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Methylmalonic acid blood test

 

Methylmalonic acid is a substance produced when proteins (called amino acids) in the body break down.

A test can be done to measure the amount of methylmalonic acid in your blood.

A blood sample is needed.

How to Prepare for the Test

 

No special preparation is necessary.

 

How the Test will Feel

 

When the needle is inserted to draw blood, some people feel moderate pain. Others feel only a prick or stinging. There may be some throbbing or slight bruising. These soon go away.

 

Why the Test is Performed

 

Your doctor may order this test if there are signs of certain genetic disorders, such as methylmalonic acidemia. Testing for this disorder is often done as part of a newborn screening exam.

This test may also be done with other tests to check for a vitamin B12 deficiency.

 

Normal Results

 

Normal values are 0.08 to 0.56 micromoles per liter.

Normal value ranges may vary slightly among different laboratories. Some labs use different measurements or test different samples. Talk to your doctor about the meaning of your specific test results.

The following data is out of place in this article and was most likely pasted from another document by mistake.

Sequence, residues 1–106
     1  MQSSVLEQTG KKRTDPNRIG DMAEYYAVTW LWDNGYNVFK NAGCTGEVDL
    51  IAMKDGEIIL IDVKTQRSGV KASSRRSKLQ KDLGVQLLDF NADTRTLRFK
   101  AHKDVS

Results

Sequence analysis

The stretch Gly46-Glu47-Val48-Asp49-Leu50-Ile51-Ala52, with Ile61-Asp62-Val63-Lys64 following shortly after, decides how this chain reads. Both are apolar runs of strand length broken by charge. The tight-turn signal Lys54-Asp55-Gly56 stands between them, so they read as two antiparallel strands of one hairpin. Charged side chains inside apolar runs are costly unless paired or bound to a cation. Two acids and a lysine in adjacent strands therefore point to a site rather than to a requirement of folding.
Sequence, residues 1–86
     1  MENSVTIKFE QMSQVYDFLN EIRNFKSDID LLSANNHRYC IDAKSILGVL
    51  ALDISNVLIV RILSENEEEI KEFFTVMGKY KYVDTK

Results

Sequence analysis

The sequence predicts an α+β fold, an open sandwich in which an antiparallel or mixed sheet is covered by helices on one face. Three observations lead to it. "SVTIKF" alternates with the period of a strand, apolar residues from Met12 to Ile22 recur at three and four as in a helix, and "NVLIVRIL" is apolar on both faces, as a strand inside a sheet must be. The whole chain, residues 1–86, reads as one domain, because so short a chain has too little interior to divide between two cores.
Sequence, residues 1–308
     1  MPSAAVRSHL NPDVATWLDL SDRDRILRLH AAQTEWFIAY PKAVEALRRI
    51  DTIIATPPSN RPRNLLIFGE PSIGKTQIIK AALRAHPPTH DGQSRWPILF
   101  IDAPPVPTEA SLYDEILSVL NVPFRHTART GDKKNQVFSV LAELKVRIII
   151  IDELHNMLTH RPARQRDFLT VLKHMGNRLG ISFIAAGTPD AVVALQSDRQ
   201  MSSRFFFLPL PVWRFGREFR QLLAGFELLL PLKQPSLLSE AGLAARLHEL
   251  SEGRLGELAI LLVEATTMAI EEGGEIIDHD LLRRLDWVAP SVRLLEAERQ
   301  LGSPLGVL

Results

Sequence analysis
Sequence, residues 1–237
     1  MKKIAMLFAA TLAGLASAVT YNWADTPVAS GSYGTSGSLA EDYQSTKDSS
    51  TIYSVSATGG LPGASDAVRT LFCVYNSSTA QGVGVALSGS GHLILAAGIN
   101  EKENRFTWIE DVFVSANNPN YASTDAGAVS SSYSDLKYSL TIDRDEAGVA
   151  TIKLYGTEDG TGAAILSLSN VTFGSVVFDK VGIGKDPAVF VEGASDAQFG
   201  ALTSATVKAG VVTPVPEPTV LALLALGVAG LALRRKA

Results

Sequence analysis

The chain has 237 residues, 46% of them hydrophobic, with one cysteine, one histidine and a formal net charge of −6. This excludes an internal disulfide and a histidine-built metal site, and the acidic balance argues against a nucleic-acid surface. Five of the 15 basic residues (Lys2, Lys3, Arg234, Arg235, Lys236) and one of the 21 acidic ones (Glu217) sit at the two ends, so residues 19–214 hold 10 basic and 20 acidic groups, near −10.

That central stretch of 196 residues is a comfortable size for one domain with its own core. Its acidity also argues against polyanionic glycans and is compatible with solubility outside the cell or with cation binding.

What Abnormal Results Mean

 

A higher than normal value may be due to vitamin B12 deficiency or methylmalonic acidemia.

 

Risks

 

Veins and arteries vary in size from one patient to another and from one side of the body to the other. Obtaining a blood sample from some people may be more difficult than from others.

Other risks associated with having blood drawn are slight but may include:

  • Excessive bleeding
  • Fainting or feeling lightheaded
  • Hematoma (blood accumulating under the skin)
  • Infection (a slight risk any time the skin is broken)

 

 

References

Antony AC. Megaloblastic anemias. In: Goldman L, Schafer AI, eds. Goldman's Cecil Medicine. 24th ed. Philadelphia, Pa: Elsevier Saunders; 2011:chap 167.

Cederbaum S, Berry GT. Inborn errors of carbohydrate, ammonia, amino acid, and organic acid metabolism. In: Gleason CA, Devaskar SU, eds. Avery's Diseases of the Newborn. 9th ed. Philadelphia, Pa: Elsevier Saunders; 2011:chap 22.

Elghetany MT, Banki K. Erythrocytic disorders. In: McPherson RA, Pincus MR, eds. Henry's Clinical Diagnosis and Management by Laboratory Methods. 22nd ed. Philadelphia, Pa: Elsevier Saunders; 2011:chap 32.

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          Review Date: 11/1/2013

          Reviewed By: David C. Dugdale, III, MD, Professor of Medicine, Division of General Medicine, Department of Medicine, University of Washington School of Medicine. Also reviewed by David Zieve, MD, MHA, Bethanne Black, and the A.D.A.M. Editorial team.

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